Saturday, 29 October 2011

Every Day in Every Way I'm Getting Better and Better: N M Browne

As anyone who knows me will testify, I love a good argument - the four minute or the ten minute variety. I don’t go in for rancour or nastiness but a fair and frank exchange of views sharpens my brain, not to mention my tongue, and adds a certain spice to life.
Lately I’ve been arguing online - surely the biggest and most pointless time sink yet discovered - about progress. No, not evolution or anything contentious like that, but the view, firmly held by many people, that the more we write the better we get.
It is partly the fault of those of us who teach creative writing; we suggest that students will improve with practise, with redrafting and rethinking, with time. This is true enough of very inexperienced writers, but I’m not sure it is true of the rest of us. Will our next book be better than our last? Well, it kind of depends what you mean by better doesn’t it?
I always want to do something different. Each book is a new departure, an experiment and by virtue of the fact that I have not written this particular book before - I am always a newbie, making new mistakes, screwing up in ways I hadn’t thought of before.
I was surprised that this view was not universally acknowledged as a self evident truth- as even well known writers don’t always produce their greatest work at the end of their lives, and how many brilliant first novels are never followed up?
Yet the response to this view was horror: ‘ I could not go on if I felt like that’,‘ Unlike you, I will keep striving to improve my craft,’ or words to that effect.
It struck me that as a society we want to believe in progress, economic, social and personal and are inclined to ignore evidence that does not fit this thesis: the idea of continuous self improvement has moved on from being a nineteenth century religious aspiration to a twenty-first century fact of secular faith.
I don’t think it is true and it doesn’t bother me in the least. I am about to publish my tenth novel and have written a couple of others that may never see the light of day, I am completely comfortable with the idea that each one is not ‘better’ than the last. I don’t feel I have yet produced my ‘ best’ ( though I might have) that isn’t really for me to judge. I just keep bashing away, taking each idea as it comes, trying to shape a good book, meet the challenges I’ve set myself and get it out there. What about you? Are you getting better?


B. R. Collins said...

This seems very sane to me! If I thought the default position was to get better and better it would be so much harder to experiment - and fail - with equanimity.

Gray Woodland said...

I think I am, irregularly and in most ways, getting better with experience. Given your outlook, I think it's as apt to be true of you, too.

I don't think improvement means each yarn I spin is very likely to be 'better' than the last, for more or less the reasons you describe. But the more stories and perspectives I try my hand at, it really seems to me that the more chances I have to succeed big by my own measure or fail big by anybody's, because there are more different things I'm equipped and moved to try.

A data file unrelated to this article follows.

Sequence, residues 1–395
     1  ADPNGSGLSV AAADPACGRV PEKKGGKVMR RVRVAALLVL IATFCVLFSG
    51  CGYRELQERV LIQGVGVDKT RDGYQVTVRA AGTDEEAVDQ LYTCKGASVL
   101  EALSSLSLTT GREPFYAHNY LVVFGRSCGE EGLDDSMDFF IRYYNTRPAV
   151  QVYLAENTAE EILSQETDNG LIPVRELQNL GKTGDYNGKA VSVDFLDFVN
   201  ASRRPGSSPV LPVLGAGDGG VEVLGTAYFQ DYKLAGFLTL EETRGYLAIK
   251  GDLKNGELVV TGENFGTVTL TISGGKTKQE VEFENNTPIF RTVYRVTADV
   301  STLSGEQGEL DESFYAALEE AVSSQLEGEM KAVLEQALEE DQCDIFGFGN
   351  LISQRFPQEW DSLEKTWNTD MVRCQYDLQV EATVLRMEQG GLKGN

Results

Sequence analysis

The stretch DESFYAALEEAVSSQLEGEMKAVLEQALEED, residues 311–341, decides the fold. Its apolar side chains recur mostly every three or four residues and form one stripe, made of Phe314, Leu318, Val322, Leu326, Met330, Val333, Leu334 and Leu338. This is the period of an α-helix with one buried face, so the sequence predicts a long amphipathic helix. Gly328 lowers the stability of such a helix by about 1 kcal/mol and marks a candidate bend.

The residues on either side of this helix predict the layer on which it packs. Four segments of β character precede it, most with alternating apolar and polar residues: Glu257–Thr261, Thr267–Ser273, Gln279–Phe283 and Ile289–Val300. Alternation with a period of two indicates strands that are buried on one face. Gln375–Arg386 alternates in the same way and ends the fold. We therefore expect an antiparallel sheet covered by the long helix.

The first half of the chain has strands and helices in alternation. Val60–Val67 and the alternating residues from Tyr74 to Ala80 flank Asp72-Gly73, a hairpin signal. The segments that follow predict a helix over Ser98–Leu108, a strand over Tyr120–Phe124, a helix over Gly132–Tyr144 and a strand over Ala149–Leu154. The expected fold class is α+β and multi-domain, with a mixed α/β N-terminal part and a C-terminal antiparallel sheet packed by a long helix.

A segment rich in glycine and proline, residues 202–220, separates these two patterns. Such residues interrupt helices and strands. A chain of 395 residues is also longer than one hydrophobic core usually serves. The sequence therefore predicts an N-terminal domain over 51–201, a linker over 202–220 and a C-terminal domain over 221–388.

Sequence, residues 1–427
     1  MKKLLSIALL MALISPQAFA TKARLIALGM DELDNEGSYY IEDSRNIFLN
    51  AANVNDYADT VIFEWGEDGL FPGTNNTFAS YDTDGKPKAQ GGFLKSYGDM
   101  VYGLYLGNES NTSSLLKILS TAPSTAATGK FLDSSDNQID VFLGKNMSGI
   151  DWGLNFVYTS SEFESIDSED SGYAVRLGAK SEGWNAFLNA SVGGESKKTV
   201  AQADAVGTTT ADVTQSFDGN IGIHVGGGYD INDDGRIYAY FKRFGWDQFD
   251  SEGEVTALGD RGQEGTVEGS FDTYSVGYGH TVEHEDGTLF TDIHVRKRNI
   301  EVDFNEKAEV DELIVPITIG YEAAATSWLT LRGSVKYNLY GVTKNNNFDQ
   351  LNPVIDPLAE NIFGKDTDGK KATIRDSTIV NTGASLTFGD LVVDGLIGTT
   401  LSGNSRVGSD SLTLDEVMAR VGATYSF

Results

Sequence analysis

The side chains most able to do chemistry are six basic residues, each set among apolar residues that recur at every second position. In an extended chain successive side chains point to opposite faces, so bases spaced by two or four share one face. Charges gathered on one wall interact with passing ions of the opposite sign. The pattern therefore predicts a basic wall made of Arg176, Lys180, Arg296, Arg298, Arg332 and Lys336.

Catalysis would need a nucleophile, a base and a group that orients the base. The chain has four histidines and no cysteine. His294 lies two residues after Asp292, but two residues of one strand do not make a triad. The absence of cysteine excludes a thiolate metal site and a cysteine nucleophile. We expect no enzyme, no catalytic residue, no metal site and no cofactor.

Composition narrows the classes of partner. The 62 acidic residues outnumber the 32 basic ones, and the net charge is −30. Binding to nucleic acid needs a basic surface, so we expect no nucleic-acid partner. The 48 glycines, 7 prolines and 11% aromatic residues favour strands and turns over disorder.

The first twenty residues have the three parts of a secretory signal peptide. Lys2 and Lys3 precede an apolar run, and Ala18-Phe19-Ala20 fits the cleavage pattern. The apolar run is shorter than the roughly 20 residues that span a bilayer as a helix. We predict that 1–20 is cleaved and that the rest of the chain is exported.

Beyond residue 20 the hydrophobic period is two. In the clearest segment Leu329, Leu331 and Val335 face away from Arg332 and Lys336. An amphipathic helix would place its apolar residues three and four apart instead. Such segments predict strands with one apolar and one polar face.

This is not a career-oriented view of progress, though. To somebody who does (or must) consider art mostly as a craft and a regular trade, carving out a highly specialized niche and then optimizing it within an inch of its life is one reasonable definition of progress. To me, it's more like falling into a highly pleasant, and possibly genuinely productive, rut. I'm basically a sloth and I don't object to pleasant ruts, but I'm damned if I'll actively aspire to them.

And yes, I think that in the large you're right about the myth of progress, and its sheer vacuous insidiousness. If progress isn't towards something more definite than an airy-fairy general 'improvement', what does it even mean? Progress by my lights is great: the cult of 'progress' at large is just the same con as prosperity theology or fatalism, wrapped up in a brand new cloak, and I despise it almost as heartily as either.

I don't want to write 'some good books'. I want to write some particular books, and necessarily to do so as well as possible. And I do not wish to sacrifice any part of the Muse's fire or my mates' laughter for some ruddy Boy Scout Progress at Storycraft badge.

Having a wandering star and following it is a grace: here's to it!

Joan Lennon said...

"I just keep bashing away, taking each idea as it comes, trying to shape a good book, meet the challenges I’ve set myself and get it out there."

Thank you, Nicky, that is exactly what I do, and it's great to see it so vividly put!

Stroppy Author said...

I commented early yesterday on my daughter's laptop from Oxford but blogger ate my comment, so I'm doing it late from my much trustier laptop.

I'm sure YOU improve with each new book, Nicky - progress does not mean each book must be better than the last (some won't be as successful as others) but that you are more accomplished, willing to try different and perhaps harder things, have added more skills to your bag of skills... all this is progress, of course. Sometimes when we try something new it doesn't work, but we have learned something (progressed) by the trying. If I didn't think I was learning or practising something with thing I tried I would get very depressed.

Nicky said...

I don't see writing that way. I don't see writing as a bag of skills, or a box of tools -only a series of projects completed with varying degrees of success. That doesn't stop me hoping that the next book might be the one and it certainly doesn't make me depressed!

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